One of the highest expressions of God’s love is His meekness and servanthood. As the glory of God is seen plainly and perfectly in the face of Jesus (2 Corinthians 4:6), we are beckoned in to see God’s meekness, humility, and servanthood throughout every moment of His life. Jesus was fully satisfied in taking on flesh and emptying Himself of so great an exaltation (Philippians 2:5-8). It was not something He resentfully or grudgingly achieved. He never had nor will ever have regrets about becoming poor for our sake (2 Corinthians 8:9). From the most mundane of days to the climax of His death on the cross, out of Him proceeds the raging torrent of God as a servant.
One of the lesser spoken of but most stunning acts of Jesus in His life overflowing with humility is found in John 13:
Jesus, knowing that the Father had given all things into His hands, and that He had come from God and was going to God, rose from supper and laid aside His garments, took a towel and girded Himself. After that, He poured water into a basin and began to wash the disciples’ feet, and to wipe them with the towel with which He was girded. Then He came to Simon Peter. And Peter said to Him, “Lord, are You washing my feet?”
Jesus answered and said to him, “What I am doing you do not understand now, but you will know after this.”
Peter said to Him, “You shall never wash my feet!”
Jesus answered him, “If I do not wash you, you have no part with Me.””
(John 13:1-8 NKJV)
We live in a world where one’s nearness to God is often gauged by their ministry impact. Because of that, a position in ministry is sought by so many as the way to greater intimacy with God. Unfortunately we’ve dichotomized “ministry” and “the rest of life”, and thus trivialized and belittled the common tasks of our day and think of them as “less than”, never giving them opportunity to be an escort into deep fellowship with the Holy One. It’s because of this that I am fully convinced I am not even close to understanding how near God came to us in the Incarnation.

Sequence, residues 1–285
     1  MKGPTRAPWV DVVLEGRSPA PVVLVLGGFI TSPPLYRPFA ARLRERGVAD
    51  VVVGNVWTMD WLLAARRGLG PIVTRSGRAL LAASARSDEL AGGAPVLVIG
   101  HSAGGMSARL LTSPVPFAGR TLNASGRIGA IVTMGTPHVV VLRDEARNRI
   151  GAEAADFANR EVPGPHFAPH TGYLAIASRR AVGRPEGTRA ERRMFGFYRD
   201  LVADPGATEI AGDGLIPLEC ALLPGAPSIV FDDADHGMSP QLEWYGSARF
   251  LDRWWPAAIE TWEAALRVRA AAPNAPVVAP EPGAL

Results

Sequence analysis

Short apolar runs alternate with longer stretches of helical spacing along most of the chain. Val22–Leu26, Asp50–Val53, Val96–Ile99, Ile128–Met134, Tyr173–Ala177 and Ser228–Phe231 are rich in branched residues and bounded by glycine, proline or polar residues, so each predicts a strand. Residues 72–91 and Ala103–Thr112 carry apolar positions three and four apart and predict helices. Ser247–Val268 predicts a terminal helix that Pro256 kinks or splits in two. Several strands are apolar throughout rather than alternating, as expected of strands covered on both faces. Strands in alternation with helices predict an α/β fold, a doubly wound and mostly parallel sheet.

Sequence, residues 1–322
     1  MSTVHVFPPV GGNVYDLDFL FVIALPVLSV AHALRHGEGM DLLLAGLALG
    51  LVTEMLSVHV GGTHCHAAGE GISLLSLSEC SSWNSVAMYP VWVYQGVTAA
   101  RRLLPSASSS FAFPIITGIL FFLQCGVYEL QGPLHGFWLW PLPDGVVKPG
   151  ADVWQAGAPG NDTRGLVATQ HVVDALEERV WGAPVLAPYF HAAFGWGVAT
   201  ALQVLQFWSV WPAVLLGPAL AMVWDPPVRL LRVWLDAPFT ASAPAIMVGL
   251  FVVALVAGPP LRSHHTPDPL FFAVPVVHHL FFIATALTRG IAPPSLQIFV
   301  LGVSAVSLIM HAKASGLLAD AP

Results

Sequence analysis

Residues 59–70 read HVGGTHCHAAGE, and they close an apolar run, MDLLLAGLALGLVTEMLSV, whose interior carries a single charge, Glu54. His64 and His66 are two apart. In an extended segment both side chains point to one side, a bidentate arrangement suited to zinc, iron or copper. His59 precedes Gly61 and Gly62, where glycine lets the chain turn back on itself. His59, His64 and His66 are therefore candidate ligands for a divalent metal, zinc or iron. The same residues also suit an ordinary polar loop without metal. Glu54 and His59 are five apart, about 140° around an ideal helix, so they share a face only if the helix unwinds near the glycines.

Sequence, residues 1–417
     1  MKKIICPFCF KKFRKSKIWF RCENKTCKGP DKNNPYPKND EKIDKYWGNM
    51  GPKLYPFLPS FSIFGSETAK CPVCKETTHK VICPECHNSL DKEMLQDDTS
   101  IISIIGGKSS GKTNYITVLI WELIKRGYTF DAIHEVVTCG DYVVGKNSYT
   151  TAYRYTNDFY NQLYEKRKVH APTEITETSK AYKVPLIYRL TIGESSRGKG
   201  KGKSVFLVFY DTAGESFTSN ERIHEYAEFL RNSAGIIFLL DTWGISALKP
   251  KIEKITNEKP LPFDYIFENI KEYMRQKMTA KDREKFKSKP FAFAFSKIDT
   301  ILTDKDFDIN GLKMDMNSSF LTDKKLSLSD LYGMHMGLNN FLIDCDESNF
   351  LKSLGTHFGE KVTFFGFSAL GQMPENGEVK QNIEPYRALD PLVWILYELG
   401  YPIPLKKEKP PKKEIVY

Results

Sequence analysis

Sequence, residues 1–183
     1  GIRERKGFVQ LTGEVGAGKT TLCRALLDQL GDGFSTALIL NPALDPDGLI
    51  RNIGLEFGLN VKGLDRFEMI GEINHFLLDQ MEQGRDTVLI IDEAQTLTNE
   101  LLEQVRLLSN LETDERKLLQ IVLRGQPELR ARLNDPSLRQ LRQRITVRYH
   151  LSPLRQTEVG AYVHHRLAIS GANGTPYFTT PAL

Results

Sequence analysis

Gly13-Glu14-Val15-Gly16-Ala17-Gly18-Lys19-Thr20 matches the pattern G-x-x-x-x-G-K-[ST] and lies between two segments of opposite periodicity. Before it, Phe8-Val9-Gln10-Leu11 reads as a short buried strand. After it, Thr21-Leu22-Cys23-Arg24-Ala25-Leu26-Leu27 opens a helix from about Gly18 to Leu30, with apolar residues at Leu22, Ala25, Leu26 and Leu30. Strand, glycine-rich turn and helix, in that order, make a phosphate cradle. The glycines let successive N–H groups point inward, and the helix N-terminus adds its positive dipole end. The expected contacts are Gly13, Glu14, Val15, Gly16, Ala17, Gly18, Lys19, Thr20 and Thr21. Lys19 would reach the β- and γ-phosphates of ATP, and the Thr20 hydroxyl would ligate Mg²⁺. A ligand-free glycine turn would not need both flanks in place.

Jesus of Nazareth, God in the flesh, not only embraced but crowned the common. By all measures of men, His ministry was mostly unsuccessful because it resulted in His death and did not have the impact that many were expecting. We so quickly forget that He fully knew the human experience in the everyday toil and monotony of life. Born in scandal, dwelling in complete obscurity for almost three decades, and never seeking His own fame or glory, Jesus embraced the human plight and made a way for each moment of monotony to be a doorway of fellowship.
In this age, so many are looking to make a name for themselves. From politicians and athletes to musicians and businesspeople, the human heart is always focused on self-promotion and gain. Our pride causes us to seek greatness through our own means. And no matter how much we achieve in this age, we always leave unsatisfied and longing for more. But what does exaltation, greatness, and satisfaction in God’s eyes look like?
Contrary to our fallen understanding of it, God’s idea of greatness is living from the heart in servanthood, humility, and meekness. In fact, this was the only character trait that Jesus proclaimed about Himself (Matthew 11:29).
For Jesus, servanthood was a trait fully reserved for recognition as “great” in the age to come. His standard for greatness must be our standard if we want to be called great His coming kingdom. The acceptance of this invitation has the power to lift the burden of having to accomplish anything in this age. Regardless of our outward achievements or ministry impact, we can be assured of being called great in His sight then by actually walking in servanthood, humility, and meekness today. As we do, we demonstrate the character of Jesus and His coming kingdom and speak of the day when servanthood is the character trait embraced by everyone. We are training now to reign with Jesus in the age to come.